The third novel, Killswitch, is set two years after Breakaway. Callay has stayed in the Federation, but on the condition that the Federation capital be moved from Earth to Callay. This has understandably caused friction. A faction of Fleet captains threaten to blockade the planet. All Callay has to oppose the Fleet is the nascent Callayan Defense Force, whose second-in-command is our own Cassandra Kresnov. But when Sandy’s lover, Special Agent Ari Ruben, discovers a plot to kill her using a killswitch the League built into her brainstem, she is forced to go underground just to stay alive.
Mr. Shepherd masterfully interweaves Sandy’s personal story with the presentation of a richly detailed future galaxy. In the course of the series, we get tantalizing glimpses of a future that is (refreshingly) not Eurocentric. The Federation has a strong Indian influence, with strong Arabic and African subcultures. Indeed, one of the points of Callayan politics seems to be finding a way for all cultures to have a voice. The technocratic League has a strongly Chinese cast, to grossly oversimplify.
For me, it was hard not to read at least parts of the politics of the story as a Southern Hemisphere commentary on 21st-century globalization, with the Federation as a stand-in for the U.S., the League for China, and Callay for Australia. Such a reading may just be interpolation on my part, but it points to how well developed and plausible Shepherd’s future history is.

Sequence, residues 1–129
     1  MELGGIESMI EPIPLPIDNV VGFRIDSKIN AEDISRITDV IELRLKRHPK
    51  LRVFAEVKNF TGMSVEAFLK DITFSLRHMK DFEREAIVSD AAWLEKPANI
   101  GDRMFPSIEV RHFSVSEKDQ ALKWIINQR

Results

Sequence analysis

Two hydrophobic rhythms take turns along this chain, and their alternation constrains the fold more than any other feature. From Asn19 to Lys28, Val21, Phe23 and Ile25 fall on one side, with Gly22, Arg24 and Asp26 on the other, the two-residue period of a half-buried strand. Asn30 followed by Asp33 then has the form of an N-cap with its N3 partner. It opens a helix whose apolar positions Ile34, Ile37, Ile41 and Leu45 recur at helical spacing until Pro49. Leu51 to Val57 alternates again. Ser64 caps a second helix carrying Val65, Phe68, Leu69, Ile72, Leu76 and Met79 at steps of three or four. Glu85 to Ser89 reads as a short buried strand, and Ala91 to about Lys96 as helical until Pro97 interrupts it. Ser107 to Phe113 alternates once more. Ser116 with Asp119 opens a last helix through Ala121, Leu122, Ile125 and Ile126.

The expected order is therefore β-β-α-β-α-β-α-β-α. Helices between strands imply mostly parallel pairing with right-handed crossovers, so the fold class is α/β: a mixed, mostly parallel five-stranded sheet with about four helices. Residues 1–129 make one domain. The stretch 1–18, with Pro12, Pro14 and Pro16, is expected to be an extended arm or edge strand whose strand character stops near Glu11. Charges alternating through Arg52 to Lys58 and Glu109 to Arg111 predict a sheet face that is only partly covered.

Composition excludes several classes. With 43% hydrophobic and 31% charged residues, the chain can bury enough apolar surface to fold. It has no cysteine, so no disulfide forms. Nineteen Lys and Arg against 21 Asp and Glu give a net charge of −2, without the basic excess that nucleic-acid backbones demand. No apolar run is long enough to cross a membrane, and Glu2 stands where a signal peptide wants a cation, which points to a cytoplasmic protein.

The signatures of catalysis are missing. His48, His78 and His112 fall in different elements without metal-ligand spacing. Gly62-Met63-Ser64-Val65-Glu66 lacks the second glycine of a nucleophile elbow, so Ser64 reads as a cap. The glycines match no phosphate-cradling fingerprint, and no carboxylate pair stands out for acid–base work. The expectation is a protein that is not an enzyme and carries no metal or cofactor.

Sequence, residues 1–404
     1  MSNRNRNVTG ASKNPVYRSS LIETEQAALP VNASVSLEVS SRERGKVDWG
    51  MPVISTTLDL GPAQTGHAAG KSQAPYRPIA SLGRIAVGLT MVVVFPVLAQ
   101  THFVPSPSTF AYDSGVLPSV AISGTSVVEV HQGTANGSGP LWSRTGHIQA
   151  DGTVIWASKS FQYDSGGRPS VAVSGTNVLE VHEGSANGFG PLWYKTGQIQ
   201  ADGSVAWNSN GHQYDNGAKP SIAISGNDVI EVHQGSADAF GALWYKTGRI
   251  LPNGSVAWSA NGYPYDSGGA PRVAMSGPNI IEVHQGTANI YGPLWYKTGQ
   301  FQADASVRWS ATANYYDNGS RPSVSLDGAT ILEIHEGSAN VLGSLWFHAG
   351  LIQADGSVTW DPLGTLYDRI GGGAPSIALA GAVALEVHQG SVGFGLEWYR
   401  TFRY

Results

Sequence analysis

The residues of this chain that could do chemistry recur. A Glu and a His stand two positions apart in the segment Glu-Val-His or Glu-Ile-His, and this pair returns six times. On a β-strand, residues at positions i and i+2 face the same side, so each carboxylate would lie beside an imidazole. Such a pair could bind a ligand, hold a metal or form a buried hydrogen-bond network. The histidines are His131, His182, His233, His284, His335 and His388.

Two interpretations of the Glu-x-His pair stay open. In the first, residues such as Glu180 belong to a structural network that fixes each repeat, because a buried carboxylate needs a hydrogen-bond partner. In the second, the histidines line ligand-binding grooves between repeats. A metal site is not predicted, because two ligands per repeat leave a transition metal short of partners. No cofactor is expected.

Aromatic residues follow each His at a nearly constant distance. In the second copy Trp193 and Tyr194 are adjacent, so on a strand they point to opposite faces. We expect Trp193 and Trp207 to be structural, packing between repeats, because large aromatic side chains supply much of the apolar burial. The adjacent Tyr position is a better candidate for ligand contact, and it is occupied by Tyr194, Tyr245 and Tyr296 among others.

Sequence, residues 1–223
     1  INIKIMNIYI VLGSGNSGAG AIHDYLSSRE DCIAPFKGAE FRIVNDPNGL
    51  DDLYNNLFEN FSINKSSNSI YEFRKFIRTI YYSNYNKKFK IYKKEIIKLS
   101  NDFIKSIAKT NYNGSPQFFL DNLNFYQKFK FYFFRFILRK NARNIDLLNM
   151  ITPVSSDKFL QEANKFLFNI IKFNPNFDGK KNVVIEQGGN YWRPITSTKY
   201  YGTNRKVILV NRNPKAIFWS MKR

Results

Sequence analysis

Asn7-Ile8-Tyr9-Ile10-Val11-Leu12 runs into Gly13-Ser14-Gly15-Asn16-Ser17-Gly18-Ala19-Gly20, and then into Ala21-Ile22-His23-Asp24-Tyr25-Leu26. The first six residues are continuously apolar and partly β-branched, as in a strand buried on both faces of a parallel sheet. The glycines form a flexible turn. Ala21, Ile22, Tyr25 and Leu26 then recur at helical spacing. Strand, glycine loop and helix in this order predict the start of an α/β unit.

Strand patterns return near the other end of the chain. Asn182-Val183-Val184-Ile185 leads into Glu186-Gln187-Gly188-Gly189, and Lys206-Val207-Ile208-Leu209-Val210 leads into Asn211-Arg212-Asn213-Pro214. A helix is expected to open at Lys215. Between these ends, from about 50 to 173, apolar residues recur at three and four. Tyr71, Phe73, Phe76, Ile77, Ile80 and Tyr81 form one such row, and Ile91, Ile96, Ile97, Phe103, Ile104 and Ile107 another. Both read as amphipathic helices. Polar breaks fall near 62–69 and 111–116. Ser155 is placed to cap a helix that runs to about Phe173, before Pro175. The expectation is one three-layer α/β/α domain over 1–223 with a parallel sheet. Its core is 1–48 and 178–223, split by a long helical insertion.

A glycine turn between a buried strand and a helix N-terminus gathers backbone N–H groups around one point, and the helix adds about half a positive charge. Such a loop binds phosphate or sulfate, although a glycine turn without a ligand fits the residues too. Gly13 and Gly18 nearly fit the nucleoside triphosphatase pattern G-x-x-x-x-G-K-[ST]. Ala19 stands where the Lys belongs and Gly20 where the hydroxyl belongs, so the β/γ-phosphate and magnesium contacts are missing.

More importantly, the politics never get in the way of the action.
I find the Cassandra Kresnov series to be well written, in the highest sense of the term: the author’s prose is completely transparent to the story. Shepherd’s training in film tells to good effect. He makes complicated action sequences very “watchable,” and I know I’m not the only one who would love to see a Cassandra Kresnov movie. I did on occasion have some difficulty visualizing his presentation of cyberspace. But that could well be a fault of my own imagination.
Crossover and Breakaway were first published in Shepherd’s native Australia, where they were short-listed in 1998 and 1999 for the George Turner Prize. I’m not sure why the U.S. edition was picked up by a smaller house like Pyr (the Australian editions are by HarperCollins, Australia’s imprint, Voyager), but it seems to have done very well by the company. My copy of Crossover indicates it is in at least its third printing, and starting in 2009, Pyr is issuing mass-market paperbacks of the series. This marks Pyr’s first foray into this format.
For fans of military SF and action-adventure SF with strong female characters, the Cassandra Kresnov series is not to be missed. I hope there will be many more volumes to come.
(Reviewed by Donald Jacob Uitvlugt)